“Current calculations are showing that 25 per cent to 30 per cent of the liquid digestate could potentially be reused in the process. We are looking to submit a more detailed liquid digestate pond design in the future.”

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McHugh said: “So we have heard a lot on the digestate and the liquid now but the only example for the use of the liquid was an injection system. Is there going to be any processing of this product? ”

DPH Focus senior process engineer Rod Facey replied, “If the council and public are interested in understanding what the chemical composition of the liquid digestate is, we can prepare a summary and provide it back to the council and the public as general information.”

McHugh then asked Tidewater who was verifying their carbon credits, to which Boisvert replied, “We have publicly released that we have signed a 20 year off-take with Fortis BC to purchase the environmental attributes associated with the renewable natural gas. With regards to fertilizer, currently the manure at the feedlot is being spread locally and the manure will be processed in a digester which is essentially a treatment system.”

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To that McHugh corrected the Tidewater director as he was not satisfied with the answer, “You haven’t answered the question. You are not sequestering carbon; you are burning it. It’s renewable gas, so you are burning it and releasing the carbon. Carbon is sequestered when it goes into the soil and is captured.”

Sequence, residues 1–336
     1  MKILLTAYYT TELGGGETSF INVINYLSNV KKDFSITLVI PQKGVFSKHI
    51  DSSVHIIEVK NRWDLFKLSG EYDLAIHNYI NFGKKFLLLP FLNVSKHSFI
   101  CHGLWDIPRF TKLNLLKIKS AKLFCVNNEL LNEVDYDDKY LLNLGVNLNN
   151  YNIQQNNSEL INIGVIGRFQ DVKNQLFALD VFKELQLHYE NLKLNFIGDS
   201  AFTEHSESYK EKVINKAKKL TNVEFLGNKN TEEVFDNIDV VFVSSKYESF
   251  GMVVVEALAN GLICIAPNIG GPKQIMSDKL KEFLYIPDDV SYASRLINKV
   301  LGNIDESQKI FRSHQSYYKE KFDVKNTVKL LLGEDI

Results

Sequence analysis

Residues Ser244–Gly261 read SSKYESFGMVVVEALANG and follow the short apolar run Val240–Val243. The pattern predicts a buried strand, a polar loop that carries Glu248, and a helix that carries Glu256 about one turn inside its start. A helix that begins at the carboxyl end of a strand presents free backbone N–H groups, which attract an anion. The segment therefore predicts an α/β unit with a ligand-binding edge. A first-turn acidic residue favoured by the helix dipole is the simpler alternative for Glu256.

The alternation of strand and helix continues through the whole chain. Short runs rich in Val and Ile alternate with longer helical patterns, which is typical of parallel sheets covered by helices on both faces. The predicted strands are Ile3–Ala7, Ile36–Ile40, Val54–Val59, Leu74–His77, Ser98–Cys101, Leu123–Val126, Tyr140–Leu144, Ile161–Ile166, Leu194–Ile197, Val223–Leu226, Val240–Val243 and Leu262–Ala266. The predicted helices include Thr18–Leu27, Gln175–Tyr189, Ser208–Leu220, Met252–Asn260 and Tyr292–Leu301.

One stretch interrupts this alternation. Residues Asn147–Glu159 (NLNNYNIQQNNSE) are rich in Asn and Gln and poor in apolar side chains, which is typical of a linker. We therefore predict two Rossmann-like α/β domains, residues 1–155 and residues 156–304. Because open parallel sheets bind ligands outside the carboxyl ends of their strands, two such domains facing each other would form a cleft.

Boisvert later said it was the British Columbia Utilities Commission that verified the carbon credits.

After the presentation, Foothills County Reeve Miller said, “I think it was a very informative session and that was the reason we wanted to have it for our residents who would get a lot of first hand information.

“There’s been a lot of misinformation going around the community and I think this really helped our residents get the actual information and that was our intention. It was a very well-done presentation and we are certainly happy a lot of people came to it.

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“As a council, we are cautiously optimistic on this and we have it be because we just don’t know until it gets up and running. We are hopeful that it will mitigate a lot of the smells over the area and into the Town of High River as well.”

Councillor McHugh said he wasn’t sure what to say when he was asked about the presentation.

“It’s such a difficult situation. This is a public meeting, not a public hearing. This was the first time I had heard this presentation and there were some things I thought they should have been better prepared for. This just leaves me with more questions to ask.”

Barry King, a local farmer who lives east of the Rimrock Feedlot, said that he got a lot out of the presentation and that “it was excellent. It’s one of my first experiences with this kind of meeting and I got a lot out of it.

“I found the councillors put a lot of thought into their questions and we need to find out more answers. Tidewater is a big company with a lot of resources. It’s going to be a process, that’s for sure.”

The full Tidewater Renewables presentation can be viewed on YouTube through the Foothills County website.